Both DA-1 and DA-2 showed comparable enrichment in TH and DLK1 expression (Fig. 4J). However, DA-1 displayed lower levels of DAT and was primarily enriched for OTX2, SLC17A6 (also known as VGLUT2) and POU2F2 (Fig. 4J), in line with what has recently been found in both human and mouse DA neuron scRNA-seq datasets (Tiklová et al., 2019; La Manno et al., 2016). DA-1 was also molecularly defined by the expression of C1QL1, which is involved in DA synapse formation, and CXCR4, which is required for the migration and projection orientation of A9-A10 DA neurons. In contrast, DA-2 expressed high levels of DAT and was also enriched in the proteins involved in DA catabolism and transport (ALDH1A1 and VMAT2), and in PITX3 together with its transcriptional co-activator LMO3 (Fig. 4J). To further characterize the cell type diversity across the dopaminergic clusters, we performed expression analysis of GABAergic (GAD1, GAD2 and SLC6A13), glutamatergic (GRIA1, GRIN1 and SLC17A7) and dopaminergic (TH) markers (Fig. S4F). Both clusters indicated a predominant expression of TH and low expression levels of glutamate- and GABA-associated genes. In comparison with DA-1, DA-2 shows higher levels of glutamate-related genes, as previously shown to be expressed in mouse DA neurons (Tiklová et al., 2019).
To compare the uncultured and cultured datasets, we used single-cell weighted correlation network analysis (scWGCNA, https://github.com/smorabit/hdWGCNA) focusing on the occurrence of transcriptome-wide gene co-expression modules in the dopaminergic neurons (Fig. S5A). WGCNA module detection was followed by gene ontology (GO) term enrichment analysis and revealed six co-expressed gene modules in the cultured dopaminergic neurons (Fig. S5B). Functions of the modules were defined by enrichment analysis (Fig. S5C). When compared with uncultured dopaminergic neurons, high expression of specific modules (‘green’, ‘turquoise’ and ‘blue’) was found in the most mature DA neurons (Fig. S5D and Table S2), as also shown by enrichment in the ‘synaptic transmission’ GO term in the blue module. Furthermore, the DA compartment emerging from 3D primary VM cultures showed a different composition from that in uncultured tissues, exhibiting a more mature human DA neuron molecular profile.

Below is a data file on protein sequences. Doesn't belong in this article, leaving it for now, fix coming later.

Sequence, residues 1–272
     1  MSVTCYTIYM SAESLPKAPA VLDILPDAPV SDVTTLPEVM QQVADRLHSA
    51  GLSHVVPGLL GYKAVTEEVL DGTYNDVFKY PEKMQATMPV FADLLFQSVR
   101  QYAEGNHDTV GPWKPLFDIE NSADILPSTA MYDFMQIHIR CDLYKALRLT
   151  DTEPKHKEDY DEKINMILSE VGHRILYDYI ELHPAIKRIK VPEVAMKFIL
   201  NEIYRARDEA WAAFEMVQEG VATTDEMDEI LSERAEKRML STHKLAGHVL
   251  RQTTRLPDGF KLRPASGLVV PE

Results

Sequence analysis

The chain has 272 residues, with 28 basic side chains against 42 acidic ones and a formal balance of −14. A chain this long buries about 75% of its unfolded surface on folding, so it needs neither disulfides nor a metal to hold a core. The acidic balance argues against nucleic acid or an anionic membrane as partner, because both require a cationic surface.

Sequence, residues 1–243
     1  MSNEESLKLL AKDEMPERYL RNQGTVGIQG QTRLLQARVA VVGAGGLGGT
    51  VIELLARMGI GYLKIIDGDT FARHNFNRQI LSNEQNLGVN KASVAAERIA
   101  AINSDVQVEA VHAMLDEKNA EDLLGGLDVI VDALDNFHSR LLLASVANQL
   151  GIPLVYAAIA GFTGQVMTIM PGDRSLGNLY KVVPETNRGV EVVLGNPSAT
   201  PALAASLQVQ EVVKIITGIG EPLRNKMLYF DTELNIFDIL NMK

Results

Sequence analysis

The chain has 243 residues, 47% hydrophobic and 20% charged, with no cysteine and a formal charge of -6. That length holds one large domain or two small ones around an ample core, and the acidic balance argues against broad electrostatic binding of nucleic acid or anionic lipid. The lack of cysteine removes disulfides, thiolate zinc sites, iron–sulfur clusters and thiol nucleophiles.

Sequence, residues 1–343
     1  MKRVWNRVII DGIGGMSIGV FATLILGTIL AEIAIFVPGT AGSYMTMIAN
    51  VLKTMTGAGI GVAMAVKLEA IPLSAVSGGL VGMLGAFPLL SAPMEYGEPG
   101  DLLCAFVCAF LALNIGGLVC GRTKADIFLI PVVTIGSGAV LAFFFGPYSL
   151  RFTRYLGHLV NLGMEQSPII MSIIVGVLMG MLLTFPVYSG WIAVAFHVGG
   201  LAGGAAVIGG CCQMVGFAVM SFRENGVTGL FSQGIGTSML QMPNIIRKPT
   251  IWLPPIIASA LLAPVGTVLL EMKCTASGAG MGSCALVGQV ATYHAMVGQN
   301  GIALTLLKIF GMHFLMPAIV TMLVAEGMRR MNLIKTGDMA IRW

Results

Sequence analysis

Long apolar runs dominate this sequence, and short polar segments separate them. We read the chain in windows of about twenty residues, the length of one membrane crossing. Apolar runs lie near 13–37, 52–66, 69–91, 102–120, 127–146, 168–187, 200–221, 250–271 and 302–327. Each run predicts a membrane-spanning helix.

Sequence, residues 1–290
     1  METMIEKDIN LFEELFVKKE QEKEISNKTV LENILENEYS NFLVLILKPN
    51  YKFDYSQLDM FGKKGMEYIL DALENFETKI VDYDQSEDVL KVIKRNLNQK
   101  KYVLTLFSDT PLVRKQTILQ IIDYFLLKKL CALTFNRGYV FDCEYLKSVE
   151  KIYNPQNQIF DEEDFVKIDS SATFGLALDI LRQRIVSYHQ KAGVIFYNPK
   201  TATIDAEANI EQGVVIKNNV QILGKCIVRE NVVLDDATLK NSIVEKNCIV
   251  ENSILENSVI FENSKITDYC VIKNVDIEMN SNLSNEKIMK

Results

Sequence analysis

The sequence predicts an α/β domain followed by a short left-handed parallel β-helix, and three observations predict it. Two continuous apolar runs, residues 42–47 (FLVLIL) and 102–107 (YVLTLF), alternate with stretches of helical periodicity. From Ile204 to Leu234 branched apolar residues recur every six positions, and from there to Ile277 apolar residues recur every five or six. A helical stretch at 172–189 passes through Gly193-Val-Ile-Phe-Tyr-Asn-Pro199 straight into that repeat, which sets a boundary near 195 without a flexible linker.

Additionally, a recent dataset (Kamath et al., 2022) shows the presence of human and primate specific DA-related gene expression, which further points to the need for cell-based model systems of human origin. CALB1 and GEM did not appear to be expressed in a particular subset of DA neurons but were robustly expressed in both primary and cultured DA neurons with an increased expression of GEM after culture (Fig. 4K, P<0.001), indicating that this system might be useful for studying these human-specific genes. Finally, the DA neuron transcriptional profiles generated in this dataset (DA-1/DA-2) were compared with available profiles of adult human DA neurons from post-mortem specimens (n=72; Agarwal et al., 2020). 546 genes were differentially expressed between the two DA types (|logFC|>0.25 and adjusted P-value<0.05) with post-mortem neurons showing an enrichment for genes involved in synaptic transmission and cell adhesion, as well as glutamate and GABA signaling (Fig. S5E and Table S3).
Animal models have been instrumental in understanding neurodevelopmental and neurodegenerative disorders, but their limitations in revealing crucial features of developmental, genetic and pathological mechanisms unique to humans are increasingly recognized. However, the inaccessibility of human brain tissue makes such studies extremely challenging, and PSC-based models do not capture all aspects of human development. Here, we performed extensive scRNA-seq analysis to decode VM development in human embryos from onset to peak DA genesis, established a 3D organoid-like culture system that supported DA neuron maturation, and used this system to profile functionally mature DA neurons in 3D cultures derived from the human fetal VM.